If you follow me on Instagram, you might’ve already read part of this, but I felt like sharing it with a little more detail here.
This week, I finally started venturing out of the house again. I know, I know – I got out the day after surgery to take snow pictures. But then I stayed almost exclusively in bed for the following seven days. In a way, I felt much better right after surgery (albeit in pain) than I did for the week following that (albeit in no pain.)
I was weepy. Super weepy.
My hormones and emotions were all messed up (as surgery and anesthesia always do to me), and I was feeling guilty and gross about doing nothing (because I was in little pain, but if I tried to do anything I was immediately exhausted), and was feeling all the sads because I wasn’t hardly going out of doors, and when I was, it would be after Chris got home from work, which would be after dark, thanks to our super dark Alabama Decembers (the sun sets at 4:40, y’all. Four. Forty. Being on the bleeding eastern edge of a time zone is the worst.)
But on Monday, I took a timid trip out for a careful walk with the kids. We went to Aldridge Gardens, and slowly strolled around the lake. I utilized every bench along the way.
But I carried my camera and took a few pictures. And it felt nearly normal. And I felt nearly alive again.
One of the pictures I took was at a fountain, and I simply liked the look of the wet, smooth, gray stones.
I liked the texture of glossiness, along with the simplicity of the photo. It was nearly a naturally black and white photo – something I don’t take very often.
While I was editing, just being silly, I increased vibrance (which is kinda like saturation but better) to 100% – just to see what would happen. Would it make the grays more gray and the blacks more black and the whites more white?
I was astonished.
All those hues were somehow always in those stones, hiding behind their overwhelmingly gray facades. How did Photoshop even identify and differentiate between them all? I couldn’t see but scant differences in the rocks with my eyes.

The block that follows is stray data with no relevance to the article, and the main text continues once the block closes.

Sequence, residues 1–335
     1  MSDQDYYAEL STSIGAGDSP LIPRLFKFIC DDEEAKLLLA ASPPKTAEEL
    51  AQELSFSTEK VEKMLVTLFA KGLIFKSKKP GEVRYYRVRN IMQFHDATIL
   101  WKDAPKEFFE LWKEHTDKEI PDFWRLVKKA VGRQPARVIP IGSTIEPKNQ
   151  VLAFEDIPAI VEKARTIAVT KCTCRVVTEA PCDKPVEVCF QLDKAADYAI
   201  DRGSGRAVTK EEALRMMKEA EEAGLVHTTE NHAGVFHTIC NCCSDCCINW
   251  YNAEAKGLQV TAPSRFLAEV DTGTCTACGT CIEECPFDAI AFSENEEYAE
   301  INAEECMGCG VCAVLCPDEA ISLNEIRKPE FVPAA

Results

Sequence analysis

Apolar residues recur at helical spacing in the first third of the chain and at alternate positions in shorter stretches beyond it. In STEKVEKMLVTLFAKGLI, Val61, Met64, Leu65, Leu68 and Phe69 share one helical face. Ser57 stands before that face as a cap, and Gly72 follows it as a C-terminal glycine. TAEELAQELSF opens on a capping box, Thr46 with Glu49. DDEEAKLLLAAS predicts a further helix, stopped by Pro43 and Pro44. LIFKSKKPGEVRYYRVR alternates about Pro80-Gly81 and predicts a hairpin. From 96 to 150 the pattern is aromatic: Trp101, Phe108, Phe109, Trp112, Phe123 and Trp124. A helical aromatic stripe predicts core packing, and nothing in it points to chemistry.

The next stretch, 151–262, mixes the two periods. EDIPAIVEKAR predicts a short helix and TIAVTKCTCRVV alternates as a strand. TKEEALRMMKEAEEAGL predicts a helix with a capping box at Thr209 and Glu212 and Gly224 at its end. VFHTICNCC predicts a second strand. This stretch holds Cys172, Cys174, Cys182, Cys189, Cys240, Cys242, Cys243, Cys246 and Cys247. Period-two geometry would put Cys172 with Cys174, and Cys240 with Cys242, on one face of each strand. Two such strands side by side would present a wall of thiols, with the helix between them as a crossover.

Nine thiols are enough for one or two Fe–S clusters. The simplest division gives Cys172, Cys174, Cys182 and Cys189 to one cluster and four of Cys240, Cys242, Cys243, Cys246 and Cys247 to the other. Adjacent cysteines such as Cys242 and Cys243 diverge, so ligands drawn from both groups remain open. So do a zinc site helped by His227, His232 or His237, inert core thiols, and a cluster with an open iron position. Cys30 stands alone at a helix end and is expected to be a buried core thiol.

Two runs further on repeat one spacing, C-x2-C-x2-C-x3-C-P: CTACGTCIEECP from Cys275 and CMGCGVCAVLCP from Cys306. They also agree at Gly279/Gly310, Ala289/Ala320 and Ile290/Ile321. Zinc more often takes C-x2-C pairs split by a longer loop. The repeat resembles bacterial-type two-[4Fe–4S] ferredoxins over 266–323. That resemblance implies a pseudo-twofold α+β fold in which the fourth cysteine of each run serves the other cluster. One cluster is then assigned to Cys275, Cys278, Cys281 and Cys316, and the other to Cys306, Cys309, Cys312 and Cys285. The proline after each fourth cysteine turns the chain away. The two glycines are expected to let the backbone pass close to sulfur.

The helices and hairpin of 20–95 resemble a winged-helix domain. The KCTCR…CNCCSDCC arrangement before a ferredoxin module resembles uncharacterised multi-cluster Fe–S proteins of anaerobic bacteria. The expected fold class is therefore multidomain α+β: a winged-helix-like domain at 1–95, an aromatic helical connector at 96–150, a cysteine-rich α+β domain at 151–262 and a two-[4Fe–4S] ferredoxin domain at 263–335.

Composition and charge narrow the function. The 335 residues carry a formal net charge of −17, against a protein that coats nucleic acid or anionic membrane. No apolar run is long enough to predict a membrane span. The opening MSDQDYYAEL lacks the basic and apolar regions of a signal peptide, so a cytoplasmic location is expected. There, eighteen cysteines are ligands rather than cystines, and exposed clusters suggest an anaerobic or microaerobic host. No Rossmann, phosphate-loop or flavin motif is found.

The transformation of the photo felt like a parallel for what was starting to take place in my mind and my heart.
Life feels gray sometimes. In my case it was temporary and expected, but that didn’t make it feel any less gray. Having anesthesia and major surgery right at the point that the days are shortest and grayest was bound to make me cry on a daily basis. Other people have much, much worse life situations causing their lives to feel gray. And the gray is only made grayer by occurring during the holiday season – the time of year that’s supposed to feel happiest and most vibrant. High expectations and grayness do not mix.
Grayness, by its nature, always feels inescapable. It feels as if it’s always been there and will always be there. Like there’s no way that any color could possibly be left.
But it is.
The color is still there, hiding in that overwhelming gray fog, just waiting for the vibrance to be cranked up again. And when you are able to step outside and the world finally has color again, it is an unspeakably glorious feeling. It makes the color feel more colorful than it ever has been before.
“The Light shines in the darkness, and the darkness has not overcome it.” ~ John 1:5
“In Your light, we see light.” ~ Psalm 36:9